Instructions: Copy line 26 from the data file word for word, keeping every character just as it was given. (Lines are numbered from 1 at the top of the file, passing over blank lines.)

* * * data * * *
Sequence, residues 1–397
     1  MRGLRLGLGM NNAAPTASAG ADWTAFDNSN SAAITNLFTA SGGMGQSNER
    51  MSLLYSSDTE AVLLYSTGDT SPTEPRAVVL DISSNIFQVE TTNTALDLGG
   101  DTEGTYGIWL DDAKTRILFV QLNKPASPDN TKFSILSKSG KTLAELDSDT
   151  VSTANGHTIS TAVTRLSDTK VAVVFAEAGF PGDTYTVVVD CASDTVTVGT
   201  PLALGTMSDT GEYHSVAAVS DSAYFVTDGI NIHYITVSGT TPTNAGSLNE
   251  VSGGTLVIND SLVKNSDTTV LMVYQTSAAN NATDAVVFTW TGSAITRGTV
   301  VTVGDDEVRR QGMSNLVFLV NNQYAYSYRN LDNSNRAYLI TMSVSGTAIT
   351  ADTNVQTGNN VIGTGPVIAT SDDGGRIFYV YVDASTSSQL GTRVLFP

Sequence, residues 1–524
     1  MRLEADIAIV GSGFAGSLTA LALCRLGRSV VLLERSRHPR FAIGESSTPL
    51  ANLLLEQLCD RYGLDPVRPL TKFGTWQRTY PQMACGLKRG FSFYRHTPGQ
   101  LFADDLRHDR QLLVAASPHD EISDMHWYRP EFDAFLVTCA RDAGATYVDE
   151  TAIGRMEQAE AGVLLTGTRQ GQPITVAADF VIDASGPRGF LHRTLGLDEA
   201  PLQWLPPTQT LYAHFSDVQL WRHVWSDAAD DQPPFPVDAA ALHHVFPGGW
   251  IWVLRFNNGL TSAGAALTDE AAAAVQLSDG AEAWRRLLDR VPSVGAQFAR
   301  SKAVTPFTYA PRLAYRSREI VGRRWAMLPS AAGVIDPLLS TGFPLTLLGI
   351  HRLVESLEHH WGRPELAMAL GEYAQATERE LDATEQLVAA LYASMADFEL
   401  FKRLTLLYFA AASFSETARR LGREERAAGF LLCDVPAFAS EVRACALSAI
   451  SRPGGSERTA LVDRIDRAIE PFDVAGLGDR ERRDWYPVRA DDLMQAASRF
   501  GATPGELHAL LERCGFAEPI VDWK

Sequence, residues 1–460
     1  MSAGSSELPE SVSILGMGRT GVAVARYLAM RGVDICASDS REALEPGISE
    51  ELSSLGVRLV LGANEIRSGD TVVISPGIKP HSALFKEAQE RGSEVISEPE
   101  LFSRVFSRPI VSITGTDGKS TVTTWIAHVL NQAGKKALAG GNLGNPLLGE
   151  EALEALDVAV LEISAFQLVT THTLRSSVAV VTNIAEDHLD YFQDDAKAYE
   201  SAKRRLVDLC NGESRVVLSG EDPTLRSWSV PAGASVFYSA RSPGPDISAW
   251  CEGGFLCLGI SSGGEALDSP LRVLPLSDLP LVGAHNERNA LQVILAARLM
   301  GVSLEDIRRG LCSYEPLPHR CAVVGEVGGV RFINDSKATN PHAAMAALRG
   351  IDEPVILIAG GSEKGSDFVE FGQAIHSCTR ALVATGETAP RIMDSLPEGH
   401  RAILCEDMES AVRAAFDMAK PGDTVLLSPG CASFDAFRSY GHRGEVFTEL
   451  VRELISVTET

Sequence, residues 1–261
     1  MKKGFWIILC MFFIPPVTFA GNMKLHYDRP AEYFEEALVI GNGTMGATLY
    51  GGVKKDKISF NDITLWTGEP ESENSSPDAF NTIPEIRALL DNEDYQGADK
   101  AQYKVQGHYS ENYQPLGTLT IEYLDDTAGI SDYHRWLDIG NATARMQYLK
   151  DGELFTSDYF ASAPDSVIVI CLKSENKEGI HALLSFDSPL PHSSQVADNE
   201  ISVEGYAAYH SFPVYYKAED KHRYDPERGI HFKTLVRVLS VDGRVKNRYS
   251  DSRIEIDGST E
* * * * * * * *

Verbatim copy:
   151  EALEALDVAV LEISAFQLVT THTLRSSVAV VTNIAEDHLD YFQDDAKAYE